D Hemorrhagic disorder due to intrinsic circulating anticoagulants, antibodies, or inhibitors Is only assigned when the physician specifically documents a diagnosis of hemorrhagic disorder due to intrinsic circulating anticoagulants. D Acquired hemophilia D Antiphospholipid antibody with hemorrhagic disorder D Other hemorrhagic disorder due to intrinsic circulating anticoagulants, antibodies, or inhibitors

17 Hemorrhagic Disorder Due To Circulating Anticoagulants
D Hemorrhagic disorder due to extrinsic circulating anticoagulants Bleeding in a patient who is being treated with Coumadin, heparin, anticoagulants, are examples of extrinsic circulating anticoagulation. In this situation, assign code: T , Adverse effect of anticoagulant, or T , Adverse effect of antithrombotic drugs, to indicate any adverse effect of an administered drug and code D68.32, Hemorrhagic disorder due to extrinsic circulating anticoagulants.

18 HYPERCOAGULATION Hypercoagulable states refer to a group of acquired and inherited disorders caused by increased thrombin generation. There is an increased tendency for blood clotting. These disorders are divided into primary and secondary hypercoagulable states. D Primary hypercoagulable states are inherited disorders of specific anticoagulant factors. D Secondary hypercoagulable states are primarily acquired disorders that involve blood flow abnormalities or defects in blood composition and vessel walls such as: malignancy, pregnancy, trauma, myeloproliferative disorders R79.1 Abnormal coagulation profile - Prolonged prothrombin time or other abnormal coagulation profiles should not be coded as a coagulation defect. *If the patient is receiving Coumadin therapy a prolonged bleeding time is an expected result, and therefore code R79.1 is not assigned.

D69.6 Thrombocytopenia - a deficiency in the blood cells that help the blood to clot. D69.51 Post-transfusion purpura - the recipient's response to produce anti-HPA (human platelet antigen) antibodies that destroy the platelets following a transfusion of blood products from an HPA-positive donor. D69.59 Other secondary thrombocytopenia, is assigned for secondary thrombocytopenia that is due to dilutional causes, drugs, extracorporeal circulation of blood, massive blood transfusion, platelet alloimmunization, and other secondary thrombocytopenia. Heparin therapy is widely used to prevent and treat clotting disorders. In some people, heparin triggers autoimmune conditions of severe platelet deficiency with severe thrombotic complications. When this condition occurs, code D Heparin-induced thrombocytopenia is applied.

Diseases of the WBCs are primarily classified on the basis of whether the WBC count is low or elevated. Diseases that may decrease production of WBCs include drug toxicity, vitamin deficiencies, infections (viral diseases, tuberculosis, typhoid), or abnormalities of the bone marrow. Antibodies may attack WBCs as a result of a disease or because of medications stimulating the immune system. Pooling of WBCs occurs with some overwhelming infections, heart-lung bypass during heart surgery, and hemodialysis. Some diseases increase the production of WBCs. If all types of WBCs are affected, leukocytosis occurs. Leukocytosis can be caused by infection, inflammation, allergic reaction, malignancy, hereditary disorders, or other miscellaneous causes--for example, medications such as steroids and NSAIDS. Other illnesses target specific types of WBCs, such as neutrophilia, lymphocytosis, and granulocytosis.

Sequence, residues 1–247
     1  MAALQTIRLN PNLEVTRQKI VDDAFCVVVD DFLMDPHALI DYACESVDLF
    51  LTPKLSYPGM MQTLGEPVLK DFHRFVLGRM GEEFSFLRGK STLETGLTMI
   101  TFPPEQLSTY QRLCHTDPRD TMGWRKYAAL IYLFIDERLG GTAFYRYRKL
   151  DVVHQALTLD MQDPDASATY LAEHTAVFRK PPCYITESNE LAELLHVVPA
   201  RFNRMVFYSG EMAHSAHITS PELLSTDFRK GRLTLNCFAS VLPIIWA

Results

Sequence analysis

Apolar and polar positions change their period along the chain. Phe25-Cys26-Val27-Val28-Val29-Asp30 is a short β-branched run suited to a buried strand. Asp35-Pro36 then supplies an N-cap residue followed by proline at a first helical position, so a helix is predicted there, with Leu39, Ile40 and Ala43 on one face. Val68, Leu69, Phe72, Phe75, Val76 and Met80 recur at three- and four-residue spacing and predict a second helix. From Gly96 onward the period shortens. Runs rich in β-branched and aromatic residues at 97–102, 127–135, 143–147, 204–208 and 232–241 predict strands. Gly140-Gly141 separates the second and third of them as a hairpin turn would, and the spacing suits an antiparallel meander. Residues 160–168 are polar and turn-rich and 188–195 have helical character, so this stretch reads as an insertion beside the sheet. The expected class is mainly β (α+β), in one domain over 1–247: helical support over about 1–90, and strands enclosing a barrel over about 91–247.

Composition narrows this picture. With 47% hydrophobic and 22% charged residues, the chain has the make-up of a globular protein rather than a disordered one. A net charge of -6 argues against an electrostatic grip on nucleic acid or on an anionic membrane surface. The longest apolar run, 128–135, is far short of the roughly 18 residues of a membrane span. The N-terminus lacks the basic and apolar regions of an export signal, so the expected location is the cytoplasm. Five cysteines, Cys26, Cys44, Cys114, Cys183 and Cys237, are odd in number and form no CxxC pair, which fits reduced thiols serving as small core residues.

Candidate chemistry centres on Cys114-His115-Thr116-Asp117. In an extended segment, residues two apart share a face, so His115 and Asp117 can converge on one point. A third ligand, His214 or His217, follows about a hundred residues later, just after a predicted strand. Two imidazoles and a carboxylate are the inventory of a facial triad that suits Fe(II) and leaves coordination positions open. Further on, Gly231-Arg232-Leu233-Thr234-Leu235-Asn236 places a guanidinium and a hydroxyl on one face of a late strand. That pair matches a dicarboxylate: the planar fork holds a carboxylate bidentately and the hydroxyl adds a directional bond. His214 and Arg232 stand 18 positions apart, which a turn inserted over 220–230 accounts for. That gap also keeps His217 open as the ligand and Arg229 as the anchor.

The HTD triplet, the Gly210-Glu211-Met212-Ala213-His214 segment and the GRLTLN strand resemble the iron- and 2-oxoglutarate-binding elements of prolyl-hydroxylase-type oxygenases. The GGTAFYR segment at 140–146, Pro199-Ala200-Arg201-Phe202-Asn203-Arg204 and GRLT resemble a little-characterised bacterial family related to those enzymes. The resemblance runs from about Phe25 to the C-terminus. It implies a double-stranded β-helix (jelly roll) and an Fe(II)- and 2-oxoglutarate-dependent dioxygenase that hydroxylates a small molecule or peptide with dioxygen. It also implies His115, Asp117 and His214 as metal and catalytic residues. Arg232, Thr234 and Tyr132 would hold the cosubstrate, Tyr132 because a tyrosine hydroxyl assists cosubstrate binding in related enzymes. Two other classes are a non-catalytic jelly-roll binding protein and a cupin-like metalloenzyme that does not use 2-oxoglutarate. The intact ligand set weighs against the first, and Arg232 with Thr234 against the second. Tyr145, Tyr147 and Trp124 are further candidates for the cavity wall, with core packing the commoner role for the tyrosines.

DECREASED WBC ELEVATED WBC D70.0 Congenital agranulocytosis D Lymphocytopenia D Lymphocytosis D70.1 Agranulocytosis secondary to cancer chemotherapy D Other decreased white blood cell count D Monocytosis D70.2 Other drug-induced agranulocytosis D Decreased white blood cell count, unspecified D Plasmacytosis D Neutropenia due to infection D Leukemoid reaction D Cyclic neutropenia D Basophilia D Other neutropenia D Bandemia D Neutropenia, unspecified D Other elevated white blood cell count D Elevated WBC count, unspecified

Categories D80 through D89 classify various disorders of the immune system, with the exception of conditions associated with or due to HIV, which are classified to code B20. The immune disorders discussed in this chapter include the following categories: D80 Immunodeficiency with predominantly antibody defects D81 Combined immunodeficiencies D82 Immunodeficiency associated with other major defects   D83 Common variable immunodeficiency D84 Other immunodeficiencies D86 Sarcoidosis D89 Other disorders involving the immune mechanism, NEC

23 Exercise 3.3 Cell-mediated immune deficiency with thrombocytopenia and eczema 2. Pancytopenia with myelodysplastic syndrome Extra credit Abnormal coagulation test (profile)

24 Exercise 3.3 Cell-mediated immune deficiency with thrombocytopenia and eczema D82.0 2. Pancytopenia with myelodysplastic syndrome D46.9 Abnormal coagulation test (profile) R79.1